Reposted from June 2019.

    –  Pastor Randy Faulkner 

Trading Doubt for Assurance

There are people who lack the confident assurance that they possess eternal life. Some  lack assurance of salvation because they flatly deny that it is a possibility. It is arrogant, they say, to presume to know what will happen after death.

Others have doubts because of religious confusion. They question the validity of their religious experience or the teachings of a preacher. Have I done the right things? have I prayed the right prayers? Have I joined the right church?

Some people cannot recall a specific time when they received salvation, so they doubt its reality. Though believing happens at a specific time in a person’s life, some people may not know when that time was for them.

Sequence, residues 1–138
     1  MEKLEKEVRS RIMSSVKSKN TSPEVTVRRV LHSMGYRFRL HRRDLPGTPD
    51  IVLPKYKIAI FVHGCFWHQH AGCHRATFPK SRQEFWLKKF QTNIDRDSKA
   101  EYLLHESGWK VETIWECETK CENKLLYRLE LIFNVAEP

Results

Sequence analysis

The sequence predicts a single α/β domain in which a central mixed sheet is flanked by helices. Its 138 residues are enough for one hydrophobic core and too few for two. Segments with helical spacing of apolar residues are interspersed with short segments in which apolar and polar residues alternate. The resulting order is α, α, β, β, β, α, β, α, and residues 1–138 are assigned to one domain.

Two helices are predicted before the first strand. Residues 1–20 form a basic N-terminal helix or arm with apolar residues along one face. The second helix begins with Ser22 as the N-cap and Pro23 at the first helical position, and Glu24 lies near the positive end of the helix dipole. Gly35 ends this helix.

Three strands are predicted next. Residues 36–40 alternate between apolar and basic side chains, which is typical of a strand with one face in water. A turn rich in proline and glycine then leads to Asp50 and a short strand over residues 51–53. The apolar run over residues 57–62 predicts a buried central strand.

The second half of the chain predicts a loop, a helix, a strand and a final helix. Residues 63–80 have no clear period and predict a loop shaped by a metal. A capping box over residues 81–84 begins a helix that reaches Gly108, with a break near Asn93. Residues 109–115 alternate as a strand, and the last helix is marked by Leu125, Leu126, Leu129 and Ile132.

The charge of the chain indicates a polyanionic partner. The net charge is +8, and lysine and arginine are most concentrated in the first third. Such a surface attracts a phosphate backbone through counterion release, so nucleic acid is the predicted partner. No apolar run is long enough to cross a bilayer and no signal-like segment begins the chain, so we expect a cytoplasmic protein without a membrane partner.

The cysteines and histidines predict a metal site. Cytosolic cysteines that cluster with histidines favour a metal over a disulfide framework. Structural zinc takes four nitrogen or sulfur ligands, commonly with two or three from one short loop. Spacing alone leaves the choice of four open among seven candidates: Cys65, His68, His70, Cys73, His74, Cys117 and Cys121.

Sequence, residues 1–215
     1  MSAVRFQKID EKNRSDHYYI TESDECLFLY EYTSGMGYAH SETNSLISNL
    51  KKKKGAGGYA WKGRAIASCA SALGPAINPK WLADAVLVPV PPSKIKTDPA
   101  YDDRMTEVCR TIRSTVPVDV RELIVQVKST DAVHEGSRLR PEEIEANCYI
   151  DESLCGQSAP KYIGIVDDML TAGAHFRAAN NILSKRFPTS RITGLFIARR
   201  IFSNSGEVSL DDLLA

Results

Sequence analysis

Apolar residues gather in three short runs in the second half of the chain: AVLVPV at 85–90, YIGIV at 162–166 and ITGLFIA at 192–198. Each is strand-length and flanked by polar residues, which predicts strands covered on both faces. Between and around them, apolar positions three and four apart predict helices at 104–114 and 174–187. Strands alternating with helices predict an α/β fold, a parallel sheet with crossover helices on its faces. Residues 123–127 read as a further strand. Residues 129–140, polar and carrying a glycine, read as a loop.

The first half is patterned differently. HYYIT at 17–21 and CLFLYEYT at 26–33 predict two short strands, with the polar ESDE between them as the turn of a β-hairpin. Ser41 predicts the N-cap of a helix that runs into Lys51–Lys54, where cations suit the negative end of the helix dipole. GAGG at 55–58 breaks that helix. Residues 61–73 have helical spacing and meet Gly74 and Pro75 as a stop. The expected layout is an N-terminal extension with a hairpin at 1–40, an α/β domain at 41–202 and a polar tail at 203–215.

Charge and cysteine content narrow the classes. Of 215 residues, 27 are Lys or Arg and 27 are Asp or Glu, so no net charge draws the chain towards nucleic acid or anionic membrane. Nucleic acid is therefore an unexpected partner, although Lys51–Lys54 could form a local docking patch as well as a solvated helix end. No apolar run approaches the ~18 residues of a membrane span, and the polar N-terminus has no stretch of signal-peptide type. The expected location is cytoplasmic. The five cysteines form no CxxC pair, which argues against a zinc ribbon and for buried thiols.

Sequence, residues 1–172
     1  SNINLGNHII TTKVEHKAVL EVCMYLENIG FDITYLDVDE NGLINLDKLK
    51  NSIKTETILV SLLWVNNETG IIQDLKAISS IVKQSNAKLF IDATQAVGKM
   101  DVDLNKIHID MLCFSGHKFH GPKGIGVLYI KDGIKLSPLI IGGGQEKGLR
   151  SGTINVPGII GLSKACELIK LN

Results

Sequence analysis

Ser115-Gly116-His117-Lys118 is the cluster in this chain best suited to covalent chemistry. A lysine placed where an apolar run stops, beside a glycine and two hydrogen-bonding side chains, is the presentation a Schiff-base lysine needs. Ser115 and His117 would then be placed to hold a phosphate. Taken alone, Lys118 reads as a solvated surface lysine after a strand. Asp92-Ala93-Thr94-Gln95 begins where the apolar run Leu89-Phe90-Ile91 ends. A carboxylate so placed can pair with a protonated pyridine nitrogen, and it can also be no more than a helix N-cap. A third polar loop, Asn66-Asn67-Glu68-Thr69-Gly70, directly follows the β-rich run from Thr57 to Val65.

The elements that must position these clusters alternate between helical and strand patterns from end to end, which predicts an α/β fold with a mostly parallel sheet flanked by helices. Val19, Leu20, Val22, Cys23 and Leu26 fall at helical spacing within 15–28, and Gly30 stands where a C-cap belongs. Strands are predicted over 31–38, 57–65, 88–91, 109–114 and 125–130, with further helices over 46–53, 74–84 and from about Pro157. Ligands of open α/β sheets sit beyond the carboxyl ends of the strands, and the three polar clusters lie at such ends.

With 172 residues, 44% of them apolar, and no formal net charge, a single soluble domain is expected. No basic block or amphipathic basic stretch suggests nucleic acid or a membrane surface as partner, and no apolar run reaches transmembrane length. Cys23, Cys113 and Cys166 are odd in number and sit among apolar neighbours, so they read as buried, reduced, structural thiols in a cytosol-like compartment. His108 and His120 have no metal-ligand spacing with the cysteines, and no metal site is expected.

Some people lose assurance when certain sins come into their lives. They imagine that if they really had salvation, they would not have committed such sins. The normal Christian experience never includes perfection. “We all stumble in many ways” (James 3:2). But sin may lead to doubt and uncertainty.

John is the apostle of certainty. He uses the word “know” scores of times in his writings, and 39 times in the little book of 1 John alone. He wrote with certainty about his own experience because he had been with Jesus in person (1 John 1:1-3). He was an eyewitness of the crucifixion and resurrection of the Lord. He wants his readers to have the same certainty even though they had not known Jesus in person.

This certainty is based upon the reliability of John’s eyewitness testimony about Jesus. John wants us to know that it is possible to have assurance of eternal life. Inspired by the Holy Spirit (1 John 5:6), he said, “I write these things to you  who believe in the name of the Son of God so that you may know that you have eternal life” (1 John 5:13).